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ANIMAL

Escaped deadly cobra still on the loose in German town

A cobra was still on the loose in the western German town of Herne on Wednesday, with local residents told to keep their windows closed and steer clear of long grass.

Escaped deadly cobra still on the loose in German town
File photo shows a cobra. Photo: DPA

The metre-long snake, a monocled cobra whose bite can be fatal, has been missing since Sunday after escaping from its owner in the city of Herne, near Bochum, North Rhine-Westphalia.

Four buildings in the area where the snake was last seen have been evacuated with residents in the surrounding area told to shut all doors and windows.

The 30 residents who've been moved out will not be able to return to their apartments until further notice.

Local authorities said the evacuated buildings will “remain locked and we will be regularly checking for any trace of the snake”.

“Of course, this is not nice for the residents, but security must come first,” added a city spokesman.

“We assume that the snake will most likely remain in the building” where its owner lives.

Residents have been warned to keep windows and doors covered. Photo: DPA

As The Local reported on Monday, one method of tracking the cobra involves spreading flour in the buildings under surveillance in the hope the snake will leave a trail.

READ ALSO: Authorities search for missing cobra near Bochum

Locals should remain vigilant and “if possible, stay on paved paths and avoid walking in tall grass or dense vegetation,” urged the spokesman.

The owner has already had around 20 other snakes seized from his collection since raising the alarm.

“We are waiting for a snake experts' assessment”, added the spokesman.

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POLICE

What you need to know about German police ‘Rambo’-style Black Forest manhunt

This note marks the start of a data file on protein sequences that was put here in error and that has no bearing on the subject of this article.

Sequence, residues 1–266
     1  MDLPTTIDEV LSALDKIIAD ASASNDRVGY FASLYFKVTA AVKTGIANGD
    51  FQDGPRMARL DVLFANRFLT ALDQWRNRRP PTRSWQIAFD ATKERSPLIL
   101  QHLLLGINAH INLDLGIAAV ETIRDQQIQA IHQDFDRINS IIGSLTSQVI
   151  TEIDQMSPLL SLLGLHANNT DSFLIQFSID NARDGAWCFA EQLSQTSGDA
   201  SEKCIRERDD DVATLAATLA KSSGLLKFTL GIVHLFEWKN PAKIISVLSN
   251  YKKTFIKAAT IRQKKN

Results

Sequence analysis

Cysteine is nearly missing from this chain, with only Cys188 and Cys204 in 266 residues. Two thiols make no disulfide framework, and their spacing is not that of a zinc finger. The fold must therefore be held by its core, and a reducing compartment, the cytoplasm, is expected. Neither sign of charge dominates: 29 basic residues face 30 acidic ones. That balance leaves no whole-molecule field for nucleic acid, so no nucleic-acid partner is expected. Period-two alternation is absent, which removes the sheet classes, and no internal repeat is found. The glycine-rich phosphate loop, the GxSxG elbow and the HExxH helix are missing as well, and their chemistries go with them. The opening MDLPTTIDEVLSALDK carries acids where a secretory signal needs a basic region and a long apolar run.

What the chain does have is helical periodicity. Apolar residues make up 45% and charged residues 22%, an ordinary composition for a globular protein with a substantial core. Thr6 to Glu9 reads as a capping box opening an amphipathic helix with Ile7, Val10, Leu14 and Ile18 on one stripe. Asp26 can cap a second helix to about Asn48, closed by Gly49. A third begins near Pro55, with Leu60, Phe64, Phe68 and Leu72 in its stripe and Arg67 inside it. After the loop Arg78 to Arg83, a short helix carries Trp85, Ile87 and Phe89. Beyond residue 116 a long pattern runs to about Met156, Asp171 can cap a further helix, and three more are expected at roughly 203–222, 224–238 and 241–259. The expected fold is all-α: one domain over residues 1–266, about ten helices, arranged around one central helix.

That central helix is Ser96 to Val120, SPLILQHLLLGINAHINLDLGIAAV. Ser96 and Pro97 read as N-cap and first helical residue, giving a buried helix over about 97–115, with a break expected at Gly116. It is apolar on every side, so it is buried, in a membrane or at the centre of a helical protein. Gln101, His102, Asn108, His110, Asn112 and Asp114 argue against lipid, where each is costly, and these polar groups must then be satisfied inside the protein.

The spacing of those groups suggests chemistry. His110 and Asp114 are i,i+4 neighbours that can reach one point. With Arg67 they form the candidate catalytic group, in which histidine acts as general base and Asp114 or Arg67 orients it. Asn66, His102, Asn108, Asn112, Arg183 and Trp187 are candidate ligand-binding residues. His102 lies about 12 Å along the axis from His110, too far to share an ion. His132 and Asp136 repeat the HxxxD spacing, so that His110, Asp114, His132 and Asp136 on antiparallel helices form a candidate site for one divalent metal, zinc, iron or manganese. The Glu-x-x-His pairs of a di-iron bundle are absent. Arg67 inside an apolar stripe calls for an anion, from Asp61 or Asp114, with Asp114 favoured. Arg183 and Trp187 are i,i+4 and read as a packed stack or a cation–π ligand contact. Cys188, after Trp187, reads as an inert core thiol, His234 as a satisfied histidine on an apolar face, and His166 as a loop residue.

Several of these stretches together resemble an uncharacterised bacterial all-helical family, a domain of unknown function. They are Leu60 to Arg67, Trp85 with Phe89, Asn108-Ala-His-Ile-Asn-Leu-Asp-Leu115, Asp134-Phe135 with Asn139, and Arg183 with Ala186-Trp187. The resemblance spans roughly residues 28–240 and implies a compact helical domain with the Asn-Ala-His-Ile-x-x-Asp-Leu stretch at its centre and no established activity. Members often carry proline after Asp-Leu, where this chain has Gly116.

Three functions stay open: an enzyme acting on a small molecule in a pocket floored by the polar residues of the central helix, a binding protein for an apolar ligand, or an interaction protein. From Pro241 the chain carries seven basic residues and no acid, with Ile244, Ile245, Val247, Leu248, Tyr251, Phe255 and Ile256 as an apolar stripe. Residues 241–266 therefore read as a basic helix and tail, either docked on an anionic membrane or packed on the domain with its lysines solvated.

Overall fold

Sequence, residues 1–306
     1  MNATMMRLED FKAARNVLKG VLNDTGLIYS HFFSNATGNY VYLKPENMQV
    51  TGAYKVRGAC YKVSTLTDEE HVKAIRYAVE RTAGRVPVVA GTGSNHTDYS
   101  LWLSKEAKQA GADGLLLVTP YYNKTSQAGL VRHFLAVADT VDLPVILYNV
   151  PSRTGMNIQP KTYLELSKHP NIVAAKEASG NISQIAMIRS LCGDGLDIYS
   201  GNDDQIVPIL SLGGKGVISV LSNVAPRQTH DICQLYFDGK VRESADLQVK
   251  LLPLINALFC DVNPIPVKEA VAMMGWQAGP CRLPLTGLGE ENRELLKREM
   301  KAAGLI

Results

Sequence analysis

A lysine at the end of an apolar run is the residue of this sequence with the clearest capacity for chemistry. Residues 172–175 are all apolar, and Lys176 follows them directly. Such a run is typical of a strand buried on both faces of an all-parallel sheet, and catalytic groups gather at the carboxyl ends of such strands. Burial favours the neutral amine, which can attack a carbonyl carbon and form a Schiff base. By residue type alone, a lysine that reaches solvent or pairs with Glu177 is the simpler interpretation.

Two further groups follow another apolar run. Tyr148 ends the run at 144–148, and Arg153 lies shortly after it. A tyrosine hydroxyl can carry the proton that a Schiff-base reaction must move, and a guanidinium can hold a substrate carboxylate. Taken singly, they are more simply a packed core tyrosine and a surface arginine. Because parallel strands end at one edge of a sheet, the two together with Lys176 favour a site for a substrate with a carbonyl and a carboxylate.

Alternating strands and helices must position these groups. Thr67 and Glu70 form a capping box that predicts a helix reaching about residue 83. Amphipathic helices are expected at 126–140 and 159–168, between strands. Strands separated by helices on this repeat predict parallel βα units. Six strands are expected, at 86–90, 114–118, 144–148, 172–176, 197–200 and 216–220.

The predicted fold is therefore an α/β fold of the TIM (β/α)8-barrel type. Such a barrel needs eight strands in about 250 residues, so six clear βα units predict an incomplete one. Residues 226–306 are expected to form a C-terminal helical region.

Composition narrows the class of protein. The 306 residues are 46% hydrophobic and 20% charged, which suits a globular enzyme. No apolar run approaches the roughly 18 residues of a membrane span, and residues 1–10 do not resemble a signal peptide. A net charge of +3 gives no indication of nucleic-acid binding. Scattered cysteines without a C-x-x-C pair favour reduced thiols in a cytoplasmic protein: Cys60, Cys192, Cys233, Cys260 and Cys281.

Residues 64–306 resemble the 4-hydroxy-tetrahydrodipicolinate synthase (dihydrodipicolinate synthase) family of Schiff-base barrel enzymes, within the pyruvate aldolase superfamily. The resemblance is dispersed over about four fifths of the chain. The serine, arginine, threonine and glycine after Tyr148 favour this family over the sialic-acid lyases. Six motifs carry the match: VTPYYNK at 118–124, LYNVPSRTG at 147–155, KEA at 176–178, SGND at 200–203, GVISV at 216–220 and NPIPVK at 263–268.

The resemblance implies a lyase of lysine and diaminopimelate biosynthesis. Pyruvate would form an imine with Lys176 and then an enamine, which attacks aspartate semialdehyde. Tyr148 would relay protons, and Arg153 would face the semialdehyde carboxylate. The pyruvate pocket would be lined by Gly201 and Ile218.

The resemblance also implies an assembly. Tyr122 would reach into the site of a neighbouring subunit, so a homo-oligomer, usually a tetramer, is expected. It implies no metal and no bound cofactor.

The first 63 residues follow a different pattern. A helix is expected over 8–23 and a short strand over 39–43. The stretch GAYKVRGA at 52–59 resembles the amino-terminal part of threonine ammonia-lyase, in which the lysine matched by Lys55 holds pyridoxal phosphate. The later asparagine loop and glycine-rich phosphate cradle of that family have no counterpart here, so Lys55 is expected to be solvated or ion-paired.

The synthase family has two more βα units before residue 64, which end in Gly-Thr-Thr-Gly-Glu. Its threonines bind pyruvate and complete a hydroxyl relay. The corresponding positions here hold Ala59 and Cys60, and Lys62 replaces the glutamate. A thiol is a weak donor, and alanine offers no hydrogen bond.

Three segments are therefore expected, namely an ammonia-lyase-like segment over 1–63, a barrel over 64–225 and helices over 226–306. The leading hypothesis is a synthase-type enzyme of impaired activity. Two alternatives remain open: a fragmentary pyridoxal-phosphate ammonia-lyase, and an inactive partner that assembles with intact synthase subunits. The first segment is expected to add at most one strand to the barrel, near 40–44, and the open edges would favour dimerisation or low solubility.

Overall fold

In scenes reminiscent of the film "Rambo", police in Germany's Black Forest are hunting for a homeless man wearing combat gear and armed with a bow and arrow among other weapons.

What you need to know about German police 'Rambo'-style Black Forest manhunt
Police officer standing to cordon in a residential area in Oppenau during the manhunt. Photo: DPA

What's happening?

Several hundred officers were combing the forest with the help of special forces, helicopters and sniffer dogs on Monday after the man went missing on Sunday.

Police in Oppenau, in south-western Germany, warned local residents to stay at home and not pick up any hitchhikers.

They released a photo of the 31-year-old suspect, who has a bow and arrow, a knife and at least one gun and is known to the police for previous offences, including illegal possession of firearms.

The authorities did not name the suspect, but the Bild tabloid identified him as Yves Rausch, also publishing a photo of him dressed in military fatigues.

Police said they were informed on Sunday morning that a suspicious man was hanging around a hut in the forest.

Four officers sent to the scene said the suspect cooperated at first when approached.

But then he “suddenly and completely unexpectedly” threatened them with a firearm, leaving them “no time to react to the dangerous situation,” police said.

Police are searching for this man. Photo: Oppenau Police/DPA

The man made the officers hand over their weapons before running away, “presumably” taking their firearms with him.

Police described the man as about 170 centimetres (5.6 feet) tall, slim, with glasses, a goatee beard and a bald head.

READ ALSO: German police search for armed man on the run in Black Forest

They said he had spent time in the forest before and had been spotted there as recently as Saturday, so he presumably knew his way around the terrain.

Man spent time in prison

Bild said he lived above a local guest house for three years before being evicted for not paying his rent about a year ago.

He had odd jobs as a rail worker and a golf course caretaker, a former neighbour was cited as saying, describing him as “not an easy person”.

Various weapons and petrol canisters were found in his apartment after he was evicted, as well as a small shooting range in the attic, according to Bild.

The man then reportedly lived in his car by the local swimming pool for a while before moving into the hut at the edge of the forest.

According to Bild, he spent time in prison for shooting his girlfriend with a bow and arrow.

A police spokesman was cited as saying the man was in a state of “psychiatric emergency” and should not be approached.

The police weapons were P2000 semi-automatic pistols that can hold up to 16 bullets each, according to Bild, meaning the man could have an extra 64 shots at his disposal.

By Sebastien Sauges

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